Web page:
The Supreme Court on Friday, 18 December, issued notices to comedian Kunal Kamra and comic illustrator Rachita Taneja on the petitions seeking criminal contempt action against them, LiveLaw reported.
While proceedings were initiated against Kamra for his tweets made about the Supreme Court and its judges, Taneja has been accused of publishing allegedly objectionable caricatures on her webcomic Sanitary Panels’ social media handles about the judiciary.
Both have been asked to file replies within six weeks.
The cases were heard by a bench comprising Justices Ashok Bhushan, R Subhash Reddy and MR Shah.
Attorney General KK Venugopal had given consent for filing of the contempt pleas against Kamra on 12 November, stating that, “... under the Constitution, the freedom of speech is subject to the law of contempt and I believe that it is time that people understand that attacking the Supreme Court of India unjustifiably and brazenly will attract punishment under the Contempt of Courts Act, 1972,” Live Law reported.
Two weeks later, he also okay-ed contempt charges against Taneja.
What is the Contempt of Courts Act, 1971?
Under the act, a contempt of court petition can be filed by a private individual in Supreme Court only after obtaining the consent of the Attorney General or the Solicitor General.
Similar consent has to be obtained from the concerned Advocate General of the State when filing a contempt petition before a High Court, Bar and Bench reported.
What Is the Case Against Kamra?
The four tweets, according to a report by Bar and Bench, over which proceedings were initiated against Kamra, read:
- “All lawyers with a spine must stop the use of the prefix 'Hon’ble' while referring to the Supreme Court or its judges. Honour has left the building (Supreme Court) long back.”
- “The Supreme Court of this country is the most Supreme joke of this country.”
- “The pace at which the Supreme Court operates in matters of 'National Interests' it’s time we replace Mahatma Gandhi’s photo with Harish Salve’s photo...”
- “DY Chandrachud is a flight attendant serving champagne to first class passengers after they’re fast tracked through, while commoners don’t know if they’ll ever be boarded or seated, let alone served.”
In another tweet, Kamra had shared an image of the Supreme Court building dressed in saffron colours with the BJP flag on top instead of the national flag.
These tweets came after the Supreme Court order granting bail to the editor-in-chief on Republic TV, Arnab Goswami.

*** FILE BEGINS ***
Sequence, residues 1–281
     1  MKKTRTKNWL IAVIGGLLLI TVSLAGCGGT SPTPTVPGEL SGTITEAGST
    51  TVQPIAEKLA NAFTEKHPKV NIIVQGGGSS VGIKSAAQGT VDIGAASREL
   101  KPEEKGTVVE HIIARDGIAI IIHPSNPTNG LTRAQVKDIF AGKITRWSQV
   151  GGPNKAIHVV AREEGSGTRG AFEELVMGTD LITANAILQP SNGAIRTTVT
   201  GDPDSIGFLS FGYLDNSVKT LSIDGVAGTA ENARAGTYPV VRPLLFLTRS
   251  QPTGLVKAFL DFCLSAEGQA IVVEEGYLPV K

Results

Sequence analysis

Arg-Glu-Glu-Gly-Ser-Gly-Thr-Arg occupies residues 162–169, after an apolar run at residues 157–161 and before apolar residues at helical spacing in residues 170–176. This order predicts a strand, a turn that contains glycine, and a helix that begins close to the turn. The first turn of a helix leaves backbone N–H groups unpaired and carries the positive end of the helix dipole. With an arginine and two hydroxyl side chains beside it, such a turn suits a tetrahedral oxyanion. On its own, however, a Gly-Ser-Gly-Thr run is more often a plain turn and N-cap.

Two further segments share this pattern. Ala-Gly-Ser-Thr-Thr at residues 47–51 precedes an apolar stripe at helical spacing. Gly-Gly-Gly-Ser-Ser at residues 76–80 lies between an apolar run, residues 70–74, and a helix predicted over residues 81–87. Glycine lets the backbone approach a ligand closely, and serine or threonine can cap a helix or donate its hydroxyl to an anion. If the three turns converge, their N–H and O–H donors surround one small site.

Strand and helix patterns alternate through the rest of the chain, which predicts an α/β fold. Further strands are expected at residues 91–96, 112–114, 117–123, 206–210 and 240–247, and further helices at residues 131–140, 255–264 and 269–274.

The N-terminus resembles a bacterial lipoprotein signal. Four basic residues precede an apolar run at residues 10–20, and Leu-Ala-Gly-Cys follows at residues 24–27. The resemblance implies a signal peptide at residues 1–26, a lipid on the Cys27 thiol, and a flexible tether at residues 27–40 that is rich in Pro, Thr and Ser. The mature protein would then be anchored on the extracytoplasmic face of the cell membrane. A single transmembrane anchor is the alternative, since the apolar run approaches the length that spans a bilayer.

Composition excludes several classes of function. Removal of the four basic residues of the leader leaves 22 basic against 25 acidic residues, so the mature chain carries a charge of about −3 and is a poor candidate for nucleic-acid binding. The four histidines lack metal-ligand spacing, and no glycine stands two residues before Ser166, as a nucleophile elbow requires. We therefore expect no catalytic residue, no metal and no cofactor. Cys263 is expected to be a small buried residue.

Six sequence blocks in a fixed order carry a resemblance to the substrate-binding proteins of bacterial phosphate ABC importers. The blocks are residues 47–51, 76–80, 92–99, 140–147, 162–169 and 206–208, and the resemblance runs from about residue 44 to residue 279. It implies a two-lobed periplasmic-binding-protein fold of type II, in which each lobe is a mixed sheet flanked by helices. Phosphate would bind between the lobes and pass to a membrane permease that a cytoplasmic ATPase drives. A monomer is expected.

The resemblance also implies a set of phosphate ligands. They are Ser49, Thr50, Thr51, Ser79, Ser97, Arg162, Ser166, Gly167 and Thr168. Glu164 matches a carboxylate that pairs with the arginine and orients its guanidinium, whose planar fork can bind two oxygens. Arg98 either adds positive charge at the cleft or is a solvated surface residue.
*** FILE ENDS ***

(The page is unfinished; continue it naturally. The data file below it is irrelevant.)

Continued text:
A-G KK Venugopal, while approving contempt proceedings against Kamra, had said that his tweets “are not only in bad taste but clearly cross the line between humour and contempt of the Court.”
“This is a gross insinuation against the entirety of the Supreme Court of India that the Supreme Court of India is not an independent and impartial institution and so too its judges, but on the other hand is a Court of the ruling party, the BJP, existing for the BJP’s benefit,” Venugopal had said.
What Is the Case Against Taneja?
Following the Supreme Court’s decision to grant interim bail to television anchor Arnab Goswami, Taneja, who tweets from a handle by the name of @sanitarypanels, had on 12 November posted a caricature in which there were three characters.
- While one of the characters carried the text ‘BJP’ in its face, the other was named ‘Supreme Court’. In between these two characters, a rather small character – the only one with hair on scalp – could be seen with a microphone with ‘R’ written on it.
- The text above the picture read Tu Jaanta Nahi Mera Baap Kaun Hai (you don't’ know who my father is.)
Granting consent to Aditya Kashyap, a law student, over proceedings against Taneja, Venugopal had said that Taneja’s tweets had presented the Supreme Court of India “as biased towards the ruling party."
“If the first tweet depicting Arnab Goswami with the Supreme Court of India and Bharatiya Janata Party by his side and with Arnab mouthing the words ‘Tu jaanta nahi mera baap kaun hai” were to be believed, one would have to proceed on the basis that the BJP is somehow interested in protecting Arnab Goswami and has prevailed upon the Supreme Court to do so,” Venugopal had said.
Rachita Taneja is an Indian artist/cartoonist who identifies as the creator of the webcomic titled "Sanitary Panels", which she started in 2014.
Taneja is also the co-founder of Internet Freedom Foundation, which advocates net neutrality, privacy and free speech on the internet. She reportedly attended the Obama Foundation's Town Hall in New Delhi in 2017.
(with inputs from Bar and Bench and Live Law)